6. DO NOT give routine IV fluids as these patients are at risk of developing acute pulmonary oedema, even with small boluses of crystalloid. If fluids are attached to the cannula, the flow rate should be no more than 80 ml/h (use normal saline or Hartmann’s, but not dextrose in water).
  7. Measure blood pressure continually (the aim is for a BP of 150/80–100 mmHg).
  8. Provide the receiving hospital with a pre‐alert message.
  9. Assess and document all other vital signs: respiratory rate, oxygen saturation, pulse rate (including quality), conscious level, temperature and blood glucose level.
  10. Take a detailed obstetric history (if patient’s condition allows); request hand‐held notes where possible as a review of these will highlight any changes in BP over the preceding weeks.



Eclampsia is defined as tonic‐clonic, generalised ‘grand mal’ seizures, usually in association with signs or symptoms of pre‐eclampsia. It is one of the most dangerous complications of pregnancy, with a mortality rate of 2% in the UK. It occurs in 2.7:10 000 deliveries, usually beyond 24 weeks (Knight, 2007). Many patients will have had pre‐existing pre‐eclampsia (of mild, moderate or severe degree), but cases of eclampsia can present acutely with no prior warning. One‐third of cases present for the first time post‐delivery (usually in the first 48 hours).

Although eclampsia is often preceded by severe pre‐eclampsia, in many cases the blood pressure will only be mildly elevated at presentation.

The hypoxia caused during a grand mal seizure may lead to significant fetal compromise and even death. There is a risk of placental abruption and massive haemorrhage. Occasionally, there may be cortical blindness after an eclamptic fit. Fitting is usually self‐limiting, but may be prolonged and repeated.

Other complications associated with eclampsia include renal failure, hepatic failure and DIC.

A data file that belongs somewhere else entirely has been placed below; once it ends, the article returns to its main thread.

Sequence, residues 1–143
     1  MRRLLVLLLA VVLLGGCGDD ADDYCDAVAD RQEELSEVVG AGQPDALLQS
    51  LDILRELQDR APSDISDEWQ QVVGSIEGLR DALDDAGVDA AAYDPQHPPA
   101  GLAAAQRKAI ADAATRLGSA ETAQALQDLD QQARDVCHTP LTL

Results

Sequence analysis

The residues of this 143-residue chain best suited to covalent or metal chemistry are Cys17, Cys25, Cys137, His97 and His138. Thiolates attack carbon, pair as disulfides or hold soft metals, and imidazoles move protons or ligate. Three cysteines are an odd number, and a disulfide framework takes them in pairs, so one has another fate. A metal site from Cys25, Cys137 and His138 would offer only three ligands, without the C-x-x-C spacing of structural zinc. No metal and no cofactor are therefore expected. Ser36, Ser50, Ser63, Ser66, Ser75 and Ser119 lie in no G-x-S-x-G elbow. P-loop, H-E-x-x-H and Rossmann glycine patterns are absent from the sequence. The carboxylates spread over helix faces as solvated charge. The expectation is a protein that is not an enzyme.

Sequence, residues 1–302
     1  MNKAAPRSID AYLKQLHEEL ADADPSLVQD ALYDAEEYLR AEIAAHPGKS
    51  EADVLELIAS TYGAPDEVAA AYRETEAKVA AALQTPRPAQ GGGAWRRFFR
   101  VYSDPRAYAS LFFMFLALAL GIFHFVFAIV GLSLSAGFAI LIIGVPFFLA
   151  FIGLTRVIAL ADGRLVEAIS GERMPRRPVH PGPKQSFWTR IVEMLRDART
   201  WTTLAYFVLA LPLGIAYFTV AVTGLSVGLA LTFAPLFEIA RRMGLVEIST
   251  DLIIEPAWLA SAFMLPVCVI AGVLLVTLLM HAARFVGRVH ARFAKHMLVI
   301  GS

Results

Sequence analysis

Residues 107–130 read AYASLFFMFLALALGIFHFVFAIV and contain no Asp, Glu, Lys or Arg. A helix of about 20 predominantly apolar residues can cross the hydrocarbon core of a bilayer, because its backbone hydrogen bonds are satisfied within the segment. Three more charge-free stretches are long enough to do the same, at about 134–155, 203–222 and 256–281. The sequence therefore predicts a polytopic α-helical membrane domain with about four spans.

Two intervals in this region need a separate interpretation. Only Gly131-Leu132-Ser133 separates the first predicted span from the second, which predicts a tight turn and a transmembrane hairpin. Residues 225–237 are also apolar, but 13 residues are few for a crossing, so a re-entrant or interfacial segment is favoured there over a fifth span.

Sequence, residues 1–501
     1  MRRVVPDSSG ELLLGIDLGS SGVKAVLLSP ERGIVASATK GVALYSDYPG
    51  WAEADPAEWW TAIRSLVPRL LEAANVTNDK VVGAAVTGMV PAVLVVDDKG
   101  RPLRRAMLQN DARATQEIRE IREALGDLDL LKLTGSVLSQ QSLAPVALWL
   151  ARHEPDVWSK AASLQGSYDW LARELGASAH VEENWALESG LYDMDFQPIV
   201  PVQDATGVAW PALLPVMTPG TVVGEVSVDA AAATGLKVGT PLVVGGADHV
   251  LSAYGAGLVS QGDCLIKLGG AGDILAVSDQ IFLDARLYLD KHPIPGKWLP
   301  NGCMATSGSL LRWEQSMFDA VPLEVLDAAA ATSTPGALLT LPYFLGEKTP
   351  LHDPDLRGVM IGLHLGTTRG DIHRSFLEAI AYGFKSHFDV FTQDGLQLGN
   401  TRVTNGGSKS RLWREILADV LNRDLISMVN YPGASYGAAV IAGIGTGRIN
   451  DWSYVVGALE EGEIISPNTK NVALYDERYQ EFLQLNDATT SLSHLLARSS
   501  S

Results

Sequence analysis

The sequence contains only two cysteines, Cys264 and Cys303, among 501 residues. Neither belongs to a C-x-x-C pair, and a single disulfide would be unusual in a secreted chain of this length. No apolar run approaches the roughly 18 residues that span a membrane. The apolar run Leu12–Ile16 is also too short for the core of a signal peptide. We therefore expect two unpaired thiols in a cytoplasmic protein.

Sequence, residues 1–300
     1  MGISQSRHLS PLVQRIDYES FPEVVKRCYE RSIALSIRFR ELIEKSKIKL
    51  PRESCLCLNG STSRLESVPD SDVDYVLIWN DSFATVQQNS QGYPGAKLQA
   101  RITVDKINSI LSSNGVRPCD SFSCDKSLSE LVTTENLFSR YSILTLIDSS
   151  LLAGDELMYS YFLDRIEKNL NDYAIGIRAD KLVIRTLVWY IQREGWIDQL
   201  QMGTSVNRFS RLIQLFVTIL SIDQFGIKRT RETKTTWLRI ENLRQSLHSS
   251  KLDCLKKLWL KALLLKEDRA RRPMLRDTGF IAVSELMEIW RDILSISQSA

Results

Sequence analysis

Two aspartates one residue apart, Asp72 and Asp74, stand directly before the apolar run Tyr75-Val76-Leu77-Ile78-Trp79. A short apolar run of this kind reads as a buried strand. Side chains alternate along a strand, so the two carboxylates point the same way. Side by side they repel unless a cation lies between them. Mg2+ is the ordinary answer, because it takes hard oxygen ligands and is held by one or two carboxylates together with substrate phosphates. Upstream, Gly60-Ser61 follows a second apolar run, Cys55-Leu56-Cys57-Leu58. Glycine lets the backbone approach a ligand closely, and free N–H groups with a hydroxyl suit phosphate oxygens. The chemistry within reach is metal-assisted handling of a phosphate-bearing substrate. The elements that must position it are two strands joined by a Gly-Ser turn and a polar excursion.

The diagnosis is made through the presence or history of a tonic‐clonic fit after 20 weeks of pregnancy.

Pre‐hospital management

  1. Perform an obstetric primary survey following an ABCDEFG approach; address life‐threatening findings in priority order.
  2. Consider the patient’s position according to gestational stage and presenting condition.
  3. Give oxygen if SpO2 (on air) falls below 94%; aim for a target saturation of 94–98%.
  4. If the mother has continuous or recurrent fits at scene, secure IV or IO access. Otherwise postpone obtaining access until en route to the hospital.
  5. This is a time‐critical situation and transport to the hospital should be arranged at the earliest opportunity.
  6. Provide the receiving hospital with a pre‐alert message.
  7. If magnesium sulphate is unavailable and the patient is in status epilepticus, consider Diazemuls® 10–20 mg IV or IO, or rectal diazepam 10–20 mg, titrated against effect.
  8. The definitive treatment of eclampsia, either to treat ongoing or recurrent fits, or to prevent further fits occurring, is magnesium sulphate 4 g loading dose IV or IO over 10 minutes (this would then be followed by an infusion of 1 g/h for 24 hours in hospital).
  9. Assess and document vital signs: respiratory rate, oxygen saturation, pulse rate (including quality), CRT or blood pressure, conscious level, temperature and blood glucose level.
  10. Take a detailed obstetric history (if patient’s condition allows); request/review hand‐held notes where possible.

Mar 9, 2019 | Posted by in EMERGENCY MEDICINE | Comments Off on 9: Emergencies in late pregnancy (from 20 weeks)